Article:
[Photo Credit: Dominic Episcopo]
I was excited to interview Glenn Lewis for several reasons. Mostly however, I wanted answers — as in why he made us fall in love with him and his music with the 2002 release World Outside My Window, only to have us wait a painstaking 11 years for a satisfying dose of “the voice” and his unique take on life and love that hooked us all in the first damn place. And I’m not even gonna front, I wanted to see those signature dimples up close and personal.
Not 10 minutes into my talk with the Lewis, I realized that he is much more that a fine face and a fierce vocalist. He is an observer, a thinker, a student of life and love. All of these attributes have served Lewis well in the creation of his second album, Moment of Truth. In our hour-long chat Lewis shared that each song is a moment of truth captured, that lends itself to what he’s trying to offer through the music—truthful and real moments, the big and the small. In a world where you’re only as good as your last big hit, and given that it’s been over a decade since his last release, I couldn’t help but wonder just a little to what degree Lewis felt pressure to sell records. But it became crystal clear during my interview that Lewis is right where he should be at this point in time, on track to make his indelible mark on music as only he knows how, all the while striking the perfect balance between achieving success and savoring life’s sweet moments.
[Photo Credit: Whitney Thomas]
VH1: A bit of time has passed since your first album dropped and we all want to know what happened? What took you so long to release another album?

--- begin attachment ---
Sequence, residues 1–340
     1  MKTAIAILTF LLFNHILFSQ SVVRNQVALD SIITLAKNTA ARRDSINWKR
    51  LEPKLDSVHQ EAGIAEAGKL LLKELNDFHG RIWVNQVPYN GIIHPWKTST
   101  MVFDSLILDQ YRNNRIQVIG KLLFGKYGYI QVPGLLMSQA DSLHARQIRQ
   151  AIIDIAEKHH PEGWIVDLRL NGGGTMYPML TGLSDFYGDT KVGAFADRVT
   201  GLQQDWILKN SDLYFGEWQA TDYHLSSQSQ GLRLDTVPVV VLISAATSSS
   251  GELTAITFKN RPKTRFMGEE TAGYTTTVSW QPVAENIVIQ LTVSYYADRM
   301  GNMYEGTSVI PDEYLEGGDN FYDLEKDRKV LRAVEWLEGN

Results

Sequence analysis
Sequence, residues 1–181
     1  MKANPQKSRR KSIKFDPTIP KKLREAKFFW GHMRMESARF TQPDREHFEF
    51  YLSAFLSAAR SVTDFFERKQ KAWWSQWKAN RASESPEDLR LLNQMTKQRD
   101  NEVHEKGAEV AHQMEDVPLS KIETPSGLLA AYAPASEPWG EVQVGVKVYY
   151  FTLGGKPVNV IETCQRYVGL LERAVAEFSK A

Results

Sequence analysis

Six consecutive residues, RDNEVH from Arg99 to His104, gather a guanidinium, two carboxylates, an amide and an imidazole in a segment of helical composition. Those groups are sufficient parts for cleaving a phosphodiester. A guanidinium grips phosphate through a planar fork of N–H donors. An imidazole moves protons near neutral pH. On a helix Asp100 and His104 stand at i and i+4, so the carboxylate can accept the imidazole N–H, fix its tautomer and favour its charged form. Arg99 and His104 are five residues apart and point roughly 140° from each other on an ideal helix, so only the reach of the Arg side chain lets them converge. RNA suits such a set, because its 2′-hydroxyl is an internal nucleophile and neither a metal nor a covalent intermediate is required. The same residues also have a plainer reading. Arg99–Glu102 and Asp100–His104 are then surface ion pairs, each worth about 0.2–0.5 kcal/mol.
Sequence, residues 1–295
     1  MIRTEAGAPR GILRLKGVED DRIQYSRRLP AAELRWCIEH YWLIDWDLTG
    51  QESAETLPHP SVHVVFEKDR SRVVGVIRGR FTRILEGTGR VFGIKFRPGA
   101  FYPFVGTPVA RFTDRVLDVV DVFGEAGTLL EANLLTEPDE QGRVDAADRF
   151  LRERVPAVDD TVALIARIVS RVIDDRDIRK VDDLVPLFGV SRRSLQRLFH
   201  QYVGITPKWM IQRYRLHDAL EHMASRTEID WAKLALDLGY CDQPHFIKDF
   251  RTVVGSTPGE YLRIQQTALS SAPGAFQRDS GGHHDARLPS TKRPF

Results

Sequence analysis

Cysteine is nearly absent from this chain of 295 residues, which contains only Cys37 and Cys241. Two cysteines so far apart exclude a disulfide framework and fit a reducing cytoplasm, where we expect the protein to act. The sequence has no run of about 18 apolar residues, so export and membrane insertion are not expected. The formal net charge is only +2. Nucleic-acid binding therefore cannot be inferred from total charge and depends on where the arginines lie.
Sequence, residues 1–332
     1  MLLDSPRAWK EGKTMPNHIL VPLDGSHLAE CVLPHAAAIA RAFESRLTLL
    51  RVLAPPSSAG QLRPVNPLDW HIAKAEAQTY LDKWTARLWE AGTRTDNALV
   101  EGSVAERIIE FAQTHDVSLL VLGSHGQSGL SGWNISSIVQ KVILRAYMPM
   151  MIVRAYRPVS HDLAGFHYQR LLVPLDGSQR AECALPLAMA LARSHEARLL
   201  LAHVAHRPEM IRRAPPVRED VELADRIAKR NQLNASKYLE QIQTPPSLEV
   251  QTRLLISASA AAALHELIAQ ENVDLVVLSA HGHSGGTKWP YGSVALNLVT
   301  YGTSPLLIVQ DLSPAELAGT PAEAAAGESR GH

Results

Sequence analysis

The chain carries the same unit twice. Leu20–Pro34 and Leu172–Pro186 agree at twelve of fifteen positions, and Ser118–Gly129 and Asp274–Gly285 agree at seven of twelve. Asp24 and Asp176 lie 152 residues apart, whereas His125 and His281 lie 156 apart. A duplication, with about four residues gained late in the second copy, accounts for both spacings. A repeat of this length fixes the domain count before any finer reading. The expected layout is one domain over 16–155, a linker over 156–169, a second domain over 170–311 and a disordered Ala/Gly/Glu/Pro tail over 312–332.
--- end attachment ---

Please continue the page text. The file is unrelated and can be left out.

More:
Glenn Lewis: Really, it was inadvertent. I didn’t want to be sitting on the sidelines. But I guess it was a matter of timing. There were a lot of shifts and changes in the business and as a result, with all the success I had at Sony with World Outside My Window, I got around to ’04 and getting ready to put out a new album, the album was completed, it was titled Back for More, but all the people who were instrumental in spearheading the first project — all the key people were gone. So, amicably, Sony and I parted ways in ’04. I’ve been in and out of deals since then, but for one reason or another it was just timing issues, there was a lot of things going on in the business. The downloading thing really affected the game, all this consolidating and downsizing was going on, so it’s a trickle down effect. From what was going on within the labels to even how the labels were doing their business. And so it was one of those things where if you weren’t out the gate a platinum seller from before it was difficult for people to – not that they didn’t show interest – but just to spend that money. They weren’t necessarily able to see their return, and the game is pretty unforgiving. No one really asks much questions of who dropped the ball where, it’s just one of those things where they assume that oh well if it didn’t do this, then what am I supposed to do with that? They just look for the next thing. So it was a little bit of all of those factors but you know, fortunately is the case, I was able to stay busy, people were always interested. And as of 2013 I ran into the co-founder of Ruffhouse Records while I was recording in Philadelphia, and recently reconnected with my longtime fam, brother and one of the producers that worked on my first album, Vidal Davis, we were just cutting records and Chris [Schwartz] was in and out every now and again and he inquired about what I was doing and said we should be working on an album and basically we started talking about the possibilities of working together, and here I am now.